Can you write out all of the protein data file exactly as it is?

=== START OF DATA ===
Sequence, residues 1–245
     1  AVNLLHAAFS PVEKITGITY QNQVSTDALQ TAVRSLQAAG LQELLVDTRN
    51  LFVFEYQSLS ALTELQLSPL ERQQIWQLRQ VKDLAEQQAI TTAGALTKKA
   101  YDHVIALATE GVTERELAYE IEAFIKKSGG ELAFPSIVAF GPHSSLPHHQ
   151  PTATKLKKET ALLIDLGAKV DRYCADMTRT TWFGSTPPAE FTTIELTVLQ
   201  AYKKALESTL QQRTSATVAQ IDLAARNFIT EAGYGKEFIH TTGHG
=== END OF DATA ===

Sequence, residues 1–245
     1  AVNLLHAAFS PVEKITGITY QNQVSTDALQ TAVRSLQAAG LQELLVDTRN
    51  LFVFEYQSLS ALTELQLSPL ERQQIWQLRQ VKDLAEQQAI TTAGALTKKA
   101  YDHVIALATE GVTERELAYE IEAFIKKSGG ELAFPSIVAF GPHSSLPHHQ
   151  PTATKLKKET ALLIDLGAKV DRYCADMTRT TWFGSTPPAE FTTIELTVLQ
   201  AYKKALESTL QQRTSATVAQ IDLAARNFIT EAGYGKEFIH TTGHG